Last Tango in Halifax


*Warning: Contains spoilers*

19th November heralds the premiere of the new series of ‘Last Tango in Halifax’, following its previous BAFTA success for ‘Best Drama Series’. I am not one who would normally look forward to BBC dramas, but this really is something to put in the diary.

The second series continues to follow the lives of two widowed pensioners (Derek Jacobi and Anne Reid) who reconnected via Facebook and found themselves rekindling a flame that had formerly burnt when they were just sixteen. These are not the caricatured, dementia-riddled and daft old folk that we are habitually exposed to on our TV screens. These are people who are aspirational, drive sports cars, and enjoy complex and fulfilling relationships. It is not patronising, nor tokenistic; it is a dignified and realistic portrayal of the elderly, and one which is long overdue.

That said, the twilight romance is not the novelty, nor even the key theme of the series. In fact it becomes the platform of stability and normality around which other dramas unfold. It is the middle-aged offspring (Sarah Lancashire; Nicola Walker) and their associated rabble who are dysfunctional and incompetent; Tony Gardner plays a very convincing man-in-a-midlife-crisis. The contrast in the portrayal of Men and Women is a striking feature of the drama, and whilst it is pleasing to see women occupying the strongest roles, perhaps the portrayal of Tony Gardner’s character, John, as an unlikeable twit, leaves too little room for compassion. After all, this is a man whose wife and the mother of his children, has left him for another woman. He is too ugly a character to garner sympathy, which therefore leaves the emotional disruption to his life largely unexplored.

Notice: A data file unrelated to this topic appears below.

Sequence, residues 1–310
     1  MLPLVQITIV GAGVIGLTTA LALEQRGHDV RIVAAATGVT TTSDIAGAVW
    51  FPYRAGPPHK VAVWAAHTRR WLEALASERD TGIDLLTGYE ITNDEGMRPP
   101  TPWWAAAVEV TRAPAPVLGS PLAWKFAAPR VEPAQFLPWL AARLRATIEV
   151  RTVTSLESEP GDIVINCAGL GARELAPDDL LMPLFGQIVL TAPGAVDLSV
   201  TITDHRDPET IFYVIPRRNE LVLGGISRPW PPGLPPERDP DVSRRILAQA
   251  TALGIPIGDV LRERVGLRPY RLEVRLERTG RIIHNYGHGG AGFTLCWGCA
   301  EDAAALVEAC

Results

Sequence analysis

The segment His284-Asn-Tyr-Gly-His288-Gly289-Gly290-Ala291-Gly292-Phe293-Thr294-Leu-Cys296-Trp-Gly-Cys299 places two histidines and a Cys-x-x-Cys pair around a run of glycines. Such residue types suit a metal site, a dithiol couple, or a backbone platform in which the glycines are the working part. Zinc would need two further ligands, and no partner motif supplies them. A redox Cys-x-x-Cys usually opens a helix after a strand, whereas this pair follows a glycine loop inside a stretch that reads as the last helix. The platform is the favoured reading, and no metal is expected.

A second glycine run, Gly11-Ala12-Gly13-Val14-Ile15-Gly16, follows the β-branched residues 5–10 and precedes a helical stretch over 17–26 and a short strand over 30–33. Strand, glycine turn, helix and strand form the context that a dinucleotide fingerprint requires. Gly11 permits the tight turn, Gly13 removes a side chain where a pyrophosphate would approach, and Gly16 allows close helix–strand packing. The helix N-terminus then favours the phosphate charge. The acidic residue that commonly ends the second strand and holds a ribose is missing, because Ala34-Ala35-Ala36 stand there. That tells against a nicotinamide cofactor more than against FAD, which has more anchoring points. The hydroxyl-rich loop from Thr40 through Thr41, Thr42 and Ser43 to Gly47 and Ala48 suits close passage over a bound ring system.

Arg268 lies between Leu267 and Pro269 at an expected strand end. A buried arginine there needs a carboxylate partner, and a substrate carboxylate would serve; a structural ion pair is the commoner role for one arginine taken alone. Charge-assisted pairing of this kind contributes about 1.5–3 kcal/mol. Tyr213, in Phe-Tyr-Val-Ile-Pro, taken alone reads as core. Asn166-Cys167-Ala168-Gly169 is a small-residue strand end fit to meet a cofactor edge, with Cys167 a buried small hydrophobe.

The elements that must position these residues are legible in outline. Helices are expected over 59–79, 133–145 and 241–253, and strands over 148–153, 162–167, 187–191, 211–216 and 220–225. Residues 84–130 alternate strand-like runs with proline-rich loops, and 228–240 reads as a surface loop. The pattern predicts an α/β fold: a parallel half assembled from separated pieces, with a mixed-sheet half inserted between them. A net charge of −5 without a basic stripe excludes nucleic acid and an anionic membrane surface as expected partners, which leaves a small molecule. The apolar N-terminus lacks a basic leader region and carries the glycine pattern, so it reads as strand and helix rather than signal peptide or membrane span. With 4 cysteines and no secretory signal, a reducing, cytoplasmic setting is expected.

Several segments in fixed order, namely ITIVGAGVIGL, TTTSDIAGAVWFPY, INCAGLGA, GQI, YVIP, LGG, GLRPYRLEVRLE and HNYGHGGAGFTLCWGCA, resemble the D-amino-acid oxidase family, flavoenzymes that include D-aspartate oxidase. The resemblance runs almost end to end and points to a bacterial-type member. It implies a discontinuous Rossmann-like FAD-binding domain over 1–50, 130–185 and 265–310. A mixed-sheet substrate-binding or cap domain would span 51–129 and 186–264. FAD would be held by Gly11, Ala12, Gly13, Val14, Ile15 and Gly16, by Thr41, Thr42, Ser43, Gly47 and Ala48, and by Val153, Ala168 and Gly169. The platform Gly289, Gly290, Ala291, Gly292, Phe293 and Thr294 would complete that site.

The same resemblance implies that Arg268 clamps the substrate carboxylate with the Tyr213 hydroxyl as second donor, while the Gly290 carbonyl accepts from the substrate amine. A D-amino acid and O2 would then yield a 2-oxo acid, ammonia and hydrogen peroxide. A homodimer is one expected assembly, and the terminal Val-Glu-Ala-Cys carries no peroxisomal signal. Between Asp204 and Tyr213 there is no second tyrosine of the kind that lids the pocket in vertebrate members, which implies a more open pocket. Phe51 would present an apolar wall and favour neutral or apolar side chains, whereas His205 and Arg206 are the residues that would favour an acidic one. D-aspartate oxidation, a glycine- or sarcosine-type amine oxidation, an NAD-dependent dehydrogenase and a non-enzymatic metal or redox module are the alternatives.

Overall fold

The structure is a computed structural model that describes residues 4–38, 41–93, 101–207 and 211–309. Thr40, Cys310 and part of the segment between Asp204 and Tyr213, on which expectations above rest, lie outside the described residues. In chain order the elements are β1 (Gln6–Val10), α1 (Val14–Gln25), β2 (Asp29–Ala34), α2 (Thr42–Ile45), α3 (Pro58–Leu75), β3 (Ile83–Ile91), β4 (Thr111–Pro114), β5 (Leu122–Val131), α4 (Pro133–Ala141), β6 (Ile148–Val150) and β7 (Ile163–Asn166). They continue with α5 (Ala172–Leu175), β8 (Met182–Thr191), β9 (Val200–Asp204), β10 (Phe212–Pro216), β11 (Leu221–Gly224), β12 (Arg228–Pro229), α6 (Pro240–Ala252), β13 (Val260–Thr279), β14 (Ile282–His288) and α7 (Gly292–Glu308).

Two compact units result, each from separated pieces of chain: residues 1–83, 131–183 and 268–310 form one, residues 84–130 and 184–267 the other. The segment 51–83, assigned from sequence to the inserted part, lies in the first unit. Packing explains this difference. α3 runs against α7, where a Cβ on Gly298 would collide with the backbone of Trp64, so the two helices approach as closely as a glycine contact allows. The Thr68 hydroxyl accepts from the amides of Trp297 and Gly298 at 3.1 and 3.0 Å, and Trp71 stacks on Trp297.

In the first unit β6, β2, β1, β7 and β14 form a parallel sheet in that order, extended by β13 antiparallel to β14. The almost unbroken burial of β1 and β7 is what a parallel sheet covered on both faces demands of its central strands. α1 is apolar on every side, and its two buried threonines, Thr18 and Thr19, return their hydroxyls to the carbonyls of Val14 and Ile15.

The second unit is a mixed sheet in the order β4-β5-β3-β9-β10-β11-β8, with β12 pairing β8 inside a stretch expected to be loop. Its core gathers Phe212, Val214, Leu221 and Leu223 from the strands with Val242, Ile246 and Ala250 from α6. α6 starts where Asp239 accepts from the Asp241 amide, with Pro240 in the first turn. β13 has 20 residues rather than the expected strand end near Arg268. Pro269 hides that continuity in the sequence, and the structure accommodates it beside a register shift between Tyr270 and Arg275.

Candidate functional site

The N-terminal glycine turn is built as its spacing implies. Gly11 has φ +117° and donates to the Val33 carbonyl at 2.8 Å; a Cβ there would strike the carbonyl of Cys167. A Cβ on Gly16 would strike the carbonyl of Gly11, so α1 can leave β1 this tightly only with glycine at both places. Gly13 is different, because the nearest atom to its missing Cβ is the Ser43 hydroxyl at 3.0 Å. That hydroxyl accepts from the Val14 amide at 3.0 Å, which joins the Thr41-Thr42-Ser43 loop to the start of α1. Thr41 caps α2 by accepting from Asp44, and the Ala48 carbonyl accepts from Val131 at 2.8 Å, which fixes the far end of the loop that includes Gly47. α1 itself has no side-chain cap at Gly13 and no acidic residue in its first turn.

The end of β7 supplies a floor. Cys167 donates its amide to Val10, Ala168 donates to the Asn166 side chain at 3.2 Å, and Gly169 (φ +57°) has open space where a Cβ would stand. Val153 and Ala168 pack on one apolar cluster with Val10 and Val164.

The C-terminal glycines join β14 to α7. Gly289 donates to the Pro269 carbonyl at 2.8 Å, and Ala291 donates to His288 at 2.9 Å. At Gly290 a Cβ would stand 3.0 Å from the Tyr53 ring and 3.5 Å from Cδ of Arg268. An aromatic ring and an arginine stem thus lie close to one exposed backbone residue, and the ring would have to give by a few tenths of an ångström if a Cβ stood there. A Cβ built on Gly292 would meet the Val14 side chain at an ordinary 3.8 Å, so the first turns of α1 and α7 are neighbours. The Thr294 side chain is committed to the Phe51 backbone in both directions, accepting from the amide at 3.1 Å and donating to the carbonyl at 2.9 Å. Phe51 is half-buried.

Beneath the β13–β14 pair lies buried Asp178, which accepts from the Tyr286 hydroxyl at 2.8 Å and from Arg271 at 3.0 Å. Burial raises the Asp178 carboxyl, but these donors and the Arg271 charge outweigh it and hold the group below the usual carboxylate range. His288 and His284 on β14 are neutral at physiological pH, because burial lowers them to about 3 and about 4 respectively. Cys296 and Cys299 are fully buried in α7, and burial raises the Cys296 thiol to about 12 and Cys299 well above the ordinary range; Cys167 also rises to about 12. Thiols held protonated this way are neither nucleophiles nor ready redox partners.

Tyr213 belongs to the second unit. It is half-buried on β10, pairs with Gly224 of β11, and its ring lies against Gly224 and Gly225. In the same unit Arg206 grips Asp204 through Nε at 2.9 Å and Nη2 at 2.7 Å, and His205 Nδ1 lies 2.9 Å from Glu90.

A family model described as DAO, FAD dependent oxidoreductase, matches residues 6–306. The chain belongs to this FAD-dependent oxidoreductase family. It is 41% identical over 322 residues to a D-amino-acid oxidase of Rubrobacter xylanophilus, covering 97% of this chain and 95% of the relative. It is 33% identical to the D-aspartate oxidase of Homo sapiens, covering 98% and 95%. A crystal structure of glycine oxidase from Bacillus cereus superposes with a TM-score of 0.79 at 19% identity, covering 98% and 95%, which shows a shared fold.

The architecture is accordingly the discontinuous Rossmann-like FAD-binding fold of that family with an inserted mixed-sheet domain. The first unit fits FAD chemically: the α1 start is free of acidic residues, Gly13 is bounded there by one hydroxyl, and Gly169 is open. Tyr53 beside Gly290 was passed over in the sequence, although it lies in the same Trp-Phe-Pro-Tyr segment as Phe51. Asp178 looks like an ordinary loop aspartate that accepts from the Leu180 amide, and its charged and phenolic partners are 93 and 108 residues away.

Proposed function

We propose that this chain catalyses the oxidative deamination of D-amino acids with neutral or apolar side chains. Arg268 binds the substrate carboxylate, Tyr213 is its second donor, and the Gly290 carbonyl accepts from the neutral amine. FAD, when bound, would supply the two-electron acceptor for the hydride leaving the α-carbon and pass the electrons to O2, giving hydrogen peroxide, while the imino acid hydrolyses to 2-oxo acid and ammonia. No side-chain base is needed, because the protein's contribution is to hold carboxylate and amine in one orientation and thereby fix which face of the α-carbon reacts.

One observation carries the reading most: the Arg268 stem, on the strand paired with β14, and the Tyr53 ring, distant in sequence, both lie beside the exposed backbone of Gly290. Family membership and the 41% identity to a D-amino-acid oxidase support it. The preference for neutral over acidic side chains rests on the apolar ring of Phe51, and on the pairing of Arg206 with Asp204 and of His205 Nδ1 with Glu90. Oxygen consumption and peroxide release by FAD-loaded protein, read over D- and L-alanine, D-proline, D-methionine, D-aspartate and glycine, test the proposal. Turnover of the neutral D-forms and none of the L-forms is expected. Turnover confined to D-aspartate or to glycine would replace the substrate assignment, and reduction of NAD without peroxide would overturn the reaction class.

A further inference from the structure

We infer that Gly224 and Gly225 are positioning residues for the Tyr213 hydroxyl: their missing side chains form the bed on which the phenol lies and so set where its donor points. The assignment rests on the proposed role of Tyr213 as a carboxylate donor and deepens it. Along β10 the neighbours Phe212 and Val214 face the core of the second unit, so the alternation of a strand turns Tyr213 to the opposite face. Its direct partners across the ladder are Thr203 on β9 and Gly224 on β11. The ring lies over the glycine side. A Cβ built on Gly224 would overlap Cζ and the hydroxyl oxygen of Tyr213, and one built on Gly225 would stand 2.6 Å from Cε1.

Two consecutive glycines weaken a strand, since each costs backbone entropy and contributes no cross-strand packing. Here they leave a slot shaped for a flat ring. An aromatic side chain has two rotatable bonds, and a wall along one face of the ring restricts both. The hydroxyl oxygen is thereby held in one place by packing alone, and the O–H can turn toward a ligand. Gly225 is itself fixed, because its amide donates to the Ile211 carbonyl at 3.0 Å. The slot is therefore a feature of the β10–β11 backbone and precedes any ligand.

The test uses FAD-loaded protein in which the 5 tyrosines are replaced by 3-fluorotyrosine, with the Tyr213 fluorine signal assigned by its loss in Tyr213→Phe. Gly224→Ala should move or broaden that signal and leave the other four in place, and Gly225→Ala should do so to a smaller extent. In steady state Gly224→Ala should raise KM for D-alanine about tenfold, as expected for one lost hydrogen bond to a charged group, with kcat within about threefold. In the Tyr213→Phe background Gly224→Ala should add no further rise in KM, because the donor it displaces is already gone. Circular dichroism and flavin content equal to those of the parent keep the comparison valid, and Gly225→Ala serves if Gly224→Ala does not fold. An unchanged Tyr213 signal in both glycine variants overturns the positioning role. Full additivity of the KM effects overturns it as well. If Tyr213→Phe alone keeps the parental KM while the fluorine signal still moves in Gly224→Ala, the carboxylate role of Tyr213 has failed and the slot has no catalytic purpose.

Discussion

The writer, Sally Wainwright, spins a good yarn, if a little taut at times with the sheer number of dramatic revelations; to name but a few: a lesbian love affair, an underage pregnancy, an attempted lesbian pregnancy, a compassionate killing, a nut allergy and middle-aged people engaging in sexual relations. In hindsight you question whether this is really believable. Whilst watching, however, it is not problematic. This could be testament to the quality of the script writing or the high-standard of acting; I think both. Together they manage to convey real life, realistically. More often than not, the most bizarre, unfathomable, or heart-wrenchingly unfortunate stories that we hear are real-life ones (the daily stories exposed on Jeremy Kyle paint a crass but illustrative picture: “my daughter turned out to be my grandfather”-esque tales), the kind that end with “you just couldn’t make it up” (except you can, and turn it into a BBC drama).

The series explores, with a mastery of writing and acting, the symbiotic cruelty and beauty of life’s course: actions taken, and those not taken; paths littered with missed opportunities; the entanglement of different lives; the fragility of human life but the robustness of the human spirit, all of which is interspersed with beautiful landscape scenes. These offer respite from the chaos, and the constancy of the landscape also gives grounding to the characters and serves as a device for universalisation; living in the same landscape are other families who are perhaps experiencing similar turmoil.

It is tender, but not saccharine; none of the characters are completely likeable, or completely ‘good’ and it is funny, but laced with the darkness of real life pain. This is a drama series with excellent actors and a well written script; a rare jewel in recent times. Do not be put off if you missed the first series, the new series (and indeed each episode) can be enjoyed as a stand-alone story of thwarted lives and complex relationships.

Last Tango in Halifax Season Two starts on 19 November on BBC